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ETHIOPIA: Help needed to tackle AIDS

Photo: IRIN
Dr Ibrahim Jabr and Dr Petros Olango at national AIDS workshop.
ADDIS ABABA, 13 February 2002 (PlusNews) - Ethiopia can never defeat AIDS alone and needs the help of the international community, the deputy speaker of the country’s House of Representatives admitted on Wednesday.

Dr Petros Olango said that the only way to overcome the devastating effects of the virus was through a united front. "We are all aware that millions of children are becoming orphans due to HIV and this is a great challenge to the nation," he told a workshop on HIV/AIDS in Addis Ababa. "Something has to be done."

Dr Petros told the workshop that Ethiopia had one of the highest rates of HIV/AIDS prevalence in the world and the third highest number of people living with the virus. "From our previous experience we have learnt that the national response to epidemics cannot be done in a scattered and fragmented way...It requires a true partnership to work together to overcome HIV/AIDS in the country," he said.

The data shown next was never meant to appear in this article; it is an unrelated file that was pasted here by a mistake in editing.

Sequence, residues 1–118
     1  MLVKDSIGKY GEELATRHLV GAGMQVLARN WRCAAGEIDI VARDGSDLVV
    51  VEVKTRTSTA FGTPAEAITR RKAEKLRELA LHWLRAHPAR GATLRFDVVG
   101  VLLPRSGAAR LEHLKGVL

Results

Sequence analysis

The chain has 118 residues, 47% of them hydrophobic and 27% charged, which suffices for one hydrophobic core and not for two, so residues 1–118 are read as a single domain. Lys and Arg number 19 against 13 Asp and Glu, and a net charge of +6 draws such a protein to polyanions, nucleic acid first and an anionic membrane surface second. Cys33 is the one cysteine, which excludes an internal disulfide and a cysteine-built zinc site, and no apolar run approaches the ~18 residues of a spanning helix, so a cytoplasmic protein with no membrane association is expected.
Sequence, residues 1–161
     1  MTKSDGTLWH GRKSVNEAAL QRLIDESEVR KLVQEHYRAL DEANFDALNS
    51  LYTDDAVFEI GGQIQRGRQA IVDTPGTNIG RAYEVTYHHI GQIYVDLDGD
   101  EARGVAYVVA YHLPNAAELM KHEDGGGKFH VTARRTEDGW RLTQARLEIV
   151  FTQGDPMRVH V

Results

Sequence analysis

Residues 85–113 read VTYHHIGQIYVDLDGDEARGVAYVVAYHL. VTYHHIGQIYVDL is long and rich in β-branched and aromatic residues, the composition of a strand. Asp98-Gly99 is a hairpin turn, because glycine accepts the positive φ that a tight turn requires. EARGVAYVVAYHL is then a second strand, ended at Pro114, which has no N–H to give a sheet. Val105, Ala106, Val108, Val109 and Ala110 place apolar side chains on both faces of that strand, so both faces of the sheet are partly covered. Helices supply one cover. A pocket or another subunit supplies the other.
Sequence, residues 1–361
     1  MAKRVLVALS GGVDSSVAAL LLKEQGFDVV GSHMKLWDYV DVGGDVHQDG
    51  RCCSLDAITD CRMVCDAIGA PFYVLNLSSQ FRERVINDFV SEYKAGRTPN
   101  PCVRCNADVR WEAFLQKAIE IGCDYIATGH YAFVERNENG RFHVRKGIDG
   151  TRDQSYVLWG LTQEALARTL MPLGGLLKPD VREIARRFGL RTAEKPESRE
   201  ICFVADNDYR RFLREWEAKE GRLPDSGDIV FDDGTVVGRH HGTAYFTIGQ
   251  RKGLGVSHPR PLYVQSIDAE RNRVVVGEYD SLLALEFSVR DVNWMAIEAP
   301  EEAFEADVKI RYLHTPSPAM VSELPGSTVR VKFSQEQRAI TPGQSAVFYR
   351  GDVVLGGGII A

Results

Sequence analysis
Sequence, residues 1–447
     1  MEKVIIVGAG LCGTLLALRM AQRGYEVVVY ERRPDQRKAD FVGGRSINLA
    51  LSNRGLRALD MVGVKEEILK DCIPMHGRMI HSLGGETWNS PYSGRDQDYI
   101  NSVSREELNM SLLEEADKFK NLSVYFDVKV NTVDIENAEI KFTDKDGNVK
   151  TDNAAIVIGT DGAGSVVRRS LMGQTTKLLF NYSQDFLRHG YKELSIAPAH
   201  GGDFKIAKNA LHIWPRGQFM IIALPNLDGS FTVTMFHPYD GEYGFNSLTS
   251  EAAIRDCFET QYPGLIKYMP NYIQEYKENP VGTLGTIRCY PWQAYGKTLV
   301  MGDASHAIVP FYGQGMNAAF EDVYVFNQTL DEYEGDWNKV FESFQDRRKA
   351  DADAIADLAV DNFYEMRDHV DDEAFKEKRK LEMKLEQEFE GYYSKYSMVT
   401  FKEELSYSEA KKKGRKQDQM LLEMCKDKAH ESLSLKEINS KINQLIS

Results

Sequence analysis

Ibrahim Jabr, the UN Resident Coordinator, said strong leadership was needed to combat AIDS. "AIDS is not just a disease," he said. "It is the result of attitudes and behaviours. It is closely linked to poverty and a state of despair. It cannot be fought just as a disease."

Jabr, who is also head of the United Nations Children's Fund (UNICEF) in Ethiopia, said the virus had a devastating impact on Africa's development. He warned that without a multi-sector approach Ethiopia would face the "calamitous" effects of the virus suffered by some other African countries.

"In some countries the situation may even deteriorate to having a whole generation of professions and service providers wiped out and the very political and social fabric disintegrate," he warned.

Dr Petros said that in Ethiopia, around three million people were living with HIV/AIDS and that 250,000 children under five had the virus. "We lack capacity as well as knowledge on how
to properly implement projects and utilise the available funds at all levels," he stressed. "Therefore we need the support of our genuine partners in order to raise our capacity for a quick and proper response to this epidemic."

Nigatu Mereke, head of the National AIDS Council Secretariat (NACS) said in his opening address to the workshop that Ethiopia had been hard hit. But he said positive and important lessons had been learned and that the country now had a "comprehensive policy" to tackle the virus and its effects.

Theme (s): Care/Treatment - PlusNews,

[This report does not necessarily reflect the views of the United Nations]

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